The Tour de France launch in England later this year could face a £2.3 million shortfall after an internal review revealed organisers had failed to correctly estimate the cost of the event.
The document looks at the contract - eventually given to the Manchester firm WRG - to provide barriers, communications, first aid and other services to the public.
But WRG quoted £4.5m for the bid - more than the original budget of £2.3m. This figure was already reduced by £900,000 from an original bid of £5.4m.
"The estimate did not fully understand the scope of the event and therefore the quantity of resources has significantly increased," the report states.
"It did not take into account the requirement to transport resources around Yorkshire, Derbyshire and Rochdale, and due to the distances and rural locations involved the rates have increased."
The total budget of the three day 2014 Grand Départ from Leeds to London beginning on July 5 is £27m, from a pot of combined funding from local authorities in Yorkshire, Transport for London and central government, via the Department for Media, Culture and Sport.
Organisers have said that this includes £2m to cover unforeseen circumstance
The report, available on the Leeds City Council website, was prepared by Leeds City Council and TdF Hub 2014 Ltd, the company set up to coordinate the TdF in England.
TdF Hub’s chair Sir Rodney Walker, told the BBC he could "absolutely guarantee" the total amount of the WRG contract would not be £4.5m, as it was a worst-case scenario figure and savings had already been identified.
"We're confident we're going to deliver not only the largest event Yorkshire has ever staged, but we're going to deliver it on budget," he said.
"This is a free event that could attract three million people for the two Yorkshire stages alone - I challenge you to find better value for money than that."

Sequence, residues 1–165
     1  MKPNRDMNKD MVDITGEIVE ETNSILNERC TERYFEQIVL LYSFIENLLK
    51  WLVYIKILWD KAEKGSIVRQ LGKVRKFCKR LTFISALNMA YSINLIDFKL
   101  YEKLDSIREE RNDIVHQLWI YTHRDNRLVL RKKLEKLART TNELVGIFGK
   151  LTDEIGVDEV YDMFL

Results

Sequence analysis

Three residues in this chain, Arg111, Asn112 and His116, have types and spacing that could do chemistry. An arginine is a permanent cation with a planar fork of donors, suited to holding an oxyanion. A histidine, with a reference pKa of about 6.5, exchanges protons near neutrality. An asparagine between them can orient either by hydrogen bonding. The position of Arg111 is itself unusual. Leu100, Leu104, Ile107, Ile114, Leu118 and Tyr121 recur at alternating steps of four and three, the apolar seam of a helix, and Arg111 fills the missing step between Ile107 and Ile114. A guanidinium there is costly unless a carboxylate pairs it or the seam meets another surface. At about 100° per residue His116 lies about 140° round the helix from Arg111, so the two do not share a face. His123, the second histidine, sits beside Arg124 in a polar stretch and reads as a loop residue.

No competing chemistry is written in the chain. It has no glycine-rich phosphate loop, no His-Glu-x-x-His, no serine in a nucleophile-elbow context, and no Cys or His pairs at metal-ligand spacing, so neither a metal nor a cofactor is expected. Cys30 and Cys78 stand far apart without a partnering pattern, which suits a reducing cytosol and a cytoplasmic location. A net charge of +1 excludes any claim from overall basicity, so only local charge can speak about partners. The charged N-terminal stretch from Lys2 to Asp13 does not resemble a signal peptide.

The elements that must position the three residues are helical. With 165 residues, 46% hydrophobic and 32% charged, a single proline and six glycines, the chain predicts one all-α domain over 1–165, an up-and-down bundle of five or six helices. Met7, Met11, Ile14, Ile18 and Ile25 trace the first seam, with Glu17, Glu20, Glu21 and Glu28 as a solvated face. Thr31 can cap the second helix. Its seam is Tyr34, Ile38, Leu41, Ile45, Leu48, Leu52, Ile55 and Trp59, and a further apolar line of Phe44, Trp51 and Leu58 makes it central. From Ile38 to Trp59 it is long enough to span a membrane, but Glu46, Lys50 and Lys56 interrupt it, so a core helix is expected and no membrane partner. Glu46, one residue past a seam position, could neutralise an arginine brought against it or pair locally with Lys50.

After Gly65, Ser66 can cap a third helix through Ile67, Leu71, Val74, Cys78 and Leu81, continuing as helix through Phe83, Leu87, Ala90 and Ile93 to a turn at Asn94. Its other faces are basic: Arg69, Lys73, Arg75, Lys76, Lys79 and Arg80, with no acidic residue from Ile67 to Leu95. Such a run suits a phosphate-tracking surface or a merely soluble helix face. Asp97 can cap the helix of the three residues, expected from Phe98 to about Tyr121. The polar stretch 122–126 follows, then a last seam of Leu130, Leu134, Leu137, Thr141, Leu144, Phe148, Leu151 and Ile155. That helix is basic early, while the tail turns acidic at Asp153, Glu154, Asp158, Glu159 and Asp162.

Helen Grant, Sport and Tourism Minister, said: "The government is right behind the Tour de France in the UK and is investing up to £10m to help stage the biggest road race in the world.
"I am sure spectators will come out in force to watch the action and I am pleased plans are on track to deliver a fantastic Yorkshire Grand Depart and third stage from Cambridge to London."
Late last year we reported how the simmering dispute between Whitehall and Yorkshire over the Tour de France Grand Départ bubbled up again when sports minister Hugh Robertson described the lack of detailed costing of policing for the event as “pretty extraordinary”.
In an answer to a parliamentary question, Mr Robertson said that the £10 million the government has pledged toward the cost of hosting the Tour did not include policing costs, which were to be met from the £11 million that will be raised by Yorkshire.
He added: “I just say to my hon. Friend, as a gentle point of reference, that if there is controversy about this matter now—I do not know whether there is in Yorkshire—it is pretty extraordinary to have bid for an event without working out how the security is to be paid for.”
North Yorkshire Police and Crime Commissioner Julia Mulligan had written to Gary Verity, chief executive of tourism agency Welcome to Yorkshire to complain that a “lack of clarity” over policing costs had put North Yorkshire Police in a “very difficult position”. She said the force could have to find half a million pounds to cover the difference between the estimated and actual costs.
Sixty percent of the route of the first two days of the race passes through North Yorkshire, leaving the region’s force bearing the “largest part” of policing costs, Mrs Mulligan said.
After an unpromising start, having to be bribed by her parents to learn to ride without stabilisers, Sarah became rather keener on cycling in her university years, and was eventually persuaded to upgrade to proper road cycling by the prospect of a shiny red Italian bike, which she promptly destroyed by trapping a pair of knickers in the rear derailleur. Sarah writes about about cycling every weekend on road.cc.